David’s a true entrepreneur in London

CEO of Slingshot writes, directs, and even dotcoms

At the age of 33, Arvind Ethan David, the Malaysian-born, Oxford-educated founder and CEO of London’s Slingshot Studios, has already had more careers than most people manage in a lifetime.

He’s been a theater director, playwright (he won an award for a recent L.A. staging of his student work “Dirk”), lawyer, dotcom mogul, consultant to some of the U.K.’s top producers and managing director of Ruby Films.

But these jobs just laid the groundwork for his vocation as head of Slingshot, a microbudget digital film studio that’s rapidly emerged as one of the most innovative players on the U.K. production and distribution scene.

Launched below the industry’s radar in early 2006, Slingshot has just released its first movie, gritty urban drama “Sugarhouse,” and has two more coming through — “French Film,” a romantic comedy starring Hugh Bonneville, and “Faintheart,” a comedy set in the world of Viking re-enactments, which starts shooting next month.

Slingshot, based at Ealing Studios, plans to produce 10 movies over three years at average budgets of $500,000 apiece, and to release them itself, exploring digital distribution and online communities to carve out a niche for fresh talent on a shoestring.

Fox Searchlight veteran Liz Draper is running the distribution arm, sniffing out films such as U.S. doc “Cocaine Cowboys” and Parisian coming-of-ager “Water Lilies” to add to Slingshot’s own titles.

All of a sudden, the upstart studio, backed by digital pioneer Arts Alliance and Creative Capital Fund, is being embraced by the establishment. Training org Skillset recently awarded it $500,000 to support its work with new writers. Slingshot also has struck a co-financing deal for six pics with Screen West Midlands, and a has partnership for a dozen projects with BBC Films.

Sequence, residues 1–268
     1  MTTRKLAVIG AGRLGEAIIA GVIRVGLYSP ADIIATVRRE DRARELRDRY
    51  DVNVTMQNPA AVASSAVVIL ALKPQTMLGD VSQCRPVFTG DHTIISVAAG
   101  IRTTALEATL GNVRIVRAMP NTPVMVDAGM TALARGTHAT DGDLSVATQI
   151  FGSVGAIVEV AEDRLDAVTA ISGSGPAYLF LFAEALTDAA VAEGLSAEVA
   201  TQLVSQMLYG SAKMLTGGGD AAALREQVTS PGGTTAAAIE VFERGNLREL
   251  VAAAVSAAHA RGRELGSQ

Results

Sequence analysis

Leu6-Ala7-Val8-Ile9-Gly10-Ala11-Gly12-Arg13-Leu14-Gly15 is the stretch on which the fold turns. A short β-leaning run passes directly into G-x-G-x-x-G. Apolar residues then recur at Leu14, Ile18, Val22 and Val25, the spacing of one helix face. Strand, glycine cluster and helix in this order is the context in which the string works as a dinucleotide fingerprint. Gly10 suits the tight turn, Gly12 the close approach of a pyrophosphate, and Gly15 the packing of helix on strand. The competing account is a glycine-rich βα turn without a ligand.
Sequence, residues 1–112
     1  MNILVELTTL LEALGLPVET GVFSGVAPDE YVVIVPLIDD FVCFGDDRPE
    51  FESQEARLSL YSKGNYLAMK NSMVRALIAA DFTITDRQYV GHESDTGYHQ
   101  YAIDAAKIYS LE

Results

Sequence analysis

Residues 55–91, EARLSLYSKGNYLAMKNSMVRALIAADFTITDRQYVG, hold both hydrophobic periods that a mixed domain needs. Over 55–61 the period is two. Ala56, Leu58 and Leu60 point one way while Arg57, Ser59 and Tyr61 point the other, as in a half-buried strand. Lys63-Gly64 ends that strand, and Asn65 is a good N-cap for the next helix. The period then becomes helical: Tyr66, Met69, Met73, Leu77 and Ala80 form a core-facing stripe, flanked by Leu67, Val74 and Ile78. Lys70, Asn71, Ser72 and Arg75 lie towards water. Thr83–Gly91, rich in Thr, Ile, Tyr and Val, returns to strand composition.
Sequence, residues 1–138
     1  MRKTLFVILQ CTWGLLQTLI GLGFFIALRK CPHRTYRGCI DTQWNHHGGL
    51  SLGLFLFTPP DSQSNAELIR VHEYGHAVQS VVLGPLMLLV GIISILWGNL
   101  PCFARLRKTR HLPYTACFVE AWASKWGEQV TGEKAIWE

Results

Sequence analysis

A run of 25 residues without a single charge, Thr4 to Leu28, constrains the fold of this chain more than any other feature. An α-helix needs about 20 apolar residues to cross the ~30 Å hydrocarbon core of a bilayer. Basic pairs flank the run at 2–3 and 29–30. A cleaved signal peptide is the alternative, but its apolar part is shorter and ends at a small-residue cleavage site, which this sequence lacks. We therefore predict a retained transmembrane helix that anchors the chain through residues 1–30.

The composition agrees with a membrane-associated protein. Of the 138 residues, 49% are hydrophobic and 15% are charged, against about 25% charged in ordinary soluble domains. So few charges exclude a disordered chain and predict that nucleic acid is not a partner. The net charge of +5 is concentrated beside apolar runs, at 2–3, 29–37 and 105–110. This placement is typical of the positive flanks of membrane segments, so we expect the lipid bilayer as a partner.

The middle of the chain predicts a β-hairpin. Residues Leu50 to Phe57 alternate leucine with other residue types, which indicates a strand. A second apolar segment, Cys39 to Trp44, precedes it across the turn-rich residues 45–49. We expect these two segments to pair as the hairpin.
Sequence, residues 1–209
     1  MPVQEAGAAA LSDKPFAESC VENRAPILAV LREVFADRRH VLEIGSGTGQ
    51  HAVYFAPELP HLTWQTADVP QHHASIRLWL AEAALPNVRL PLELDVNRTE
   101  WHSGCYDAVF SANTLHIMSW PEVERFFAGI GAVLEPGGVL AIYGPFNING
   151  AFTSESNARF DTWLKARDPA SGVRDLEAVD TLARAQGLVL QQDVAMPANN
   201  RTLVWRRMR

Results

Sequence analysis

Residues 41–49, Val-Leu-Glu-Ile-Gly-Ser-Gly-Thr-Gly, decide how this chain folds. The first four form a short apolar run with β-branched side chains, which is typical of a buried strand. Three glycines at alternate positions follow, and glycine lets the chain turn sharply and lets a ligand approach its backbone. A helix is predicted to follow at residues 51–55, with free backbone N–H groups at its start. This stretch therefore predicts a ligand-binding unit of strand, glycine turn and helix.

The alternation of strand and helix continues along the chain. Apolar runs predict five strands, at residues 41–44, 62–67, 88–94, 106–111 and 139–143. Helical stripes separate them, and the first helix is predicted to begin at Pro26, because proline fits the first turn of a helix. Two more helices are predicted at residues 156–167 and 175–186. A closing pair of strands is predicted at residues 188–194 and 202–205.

BBC Films topper David Thompson testified, “We are really focussed at the moment on trying to break the mold in low-budget filmmaking, and Slingshot has a really brilliant take on how to do this — from early development stage right through to production.”

The BBC deal is a big vote of confidence in Slingshot’s creative and commercial vision, and significantly improves the odds it will succeed.

On the other hand, confidence is something David never seems to have lacked, though he tempers it with an engaging line in self-deprecation.

After forming a theater company as a student, he turned down a directing career to train as a lawyer, but quit to launch comedy website Hahabonk during the first dotcom boom.

“It was a very expensive education on other people’s money about how to run a business,” he notes wryly.

A stint at business school led to consultancy work for film producer Alison Owen (whose company, Ruby, he ran for a time), and then for Mark Shivas at Headline Pictures.

“Having seen how tough it was for producers to own anything, I thought that I either have to give up and move to America, or change the rules,” David recalls.

Gotham indies Hart Sharp and Indigent inspired his idea for a digital studio, giving talent and crew gross points to make edgy movies with recognizable casts for virtually nothing.

Slingshot’s development is a communal process ruthlessly focused on getting scripts ready for greenlight, involving workshops, test shoots and writers giving feedback to each other. Production coin is raised under the EIS tax shelter, which means it has to be spent within the year. “Something remarkable happens when you tell people you’re going to make their film unless it goes wrong,” David says. Of the nine projects it has optioned, only two have been dropped.

As a dotcom survivor and ardent blogger, David also believes in the power of the web to help in the making and marketing of movies. For “Sugarhouse,” Slingshot did online test screenings via Arts Alliance’s DVD rental service Lovefilm. “Faintheart” won a MySpace competition for $2 million in production finance from Film4, Vertigo and the U.K. Film Council, with the MySpace community participating in the creative decisions.

For all that, “Sugarhouse” died at the box office, despite a decent cast (Ashley Waters, Andy Serkis, Stephen Mackintosh) and some plaudits. Clearly, the Slingshot experiment has a way to go yet. But as the name of his company suggests, the industry Goliaths would be wise to keep an eye on this particular David.

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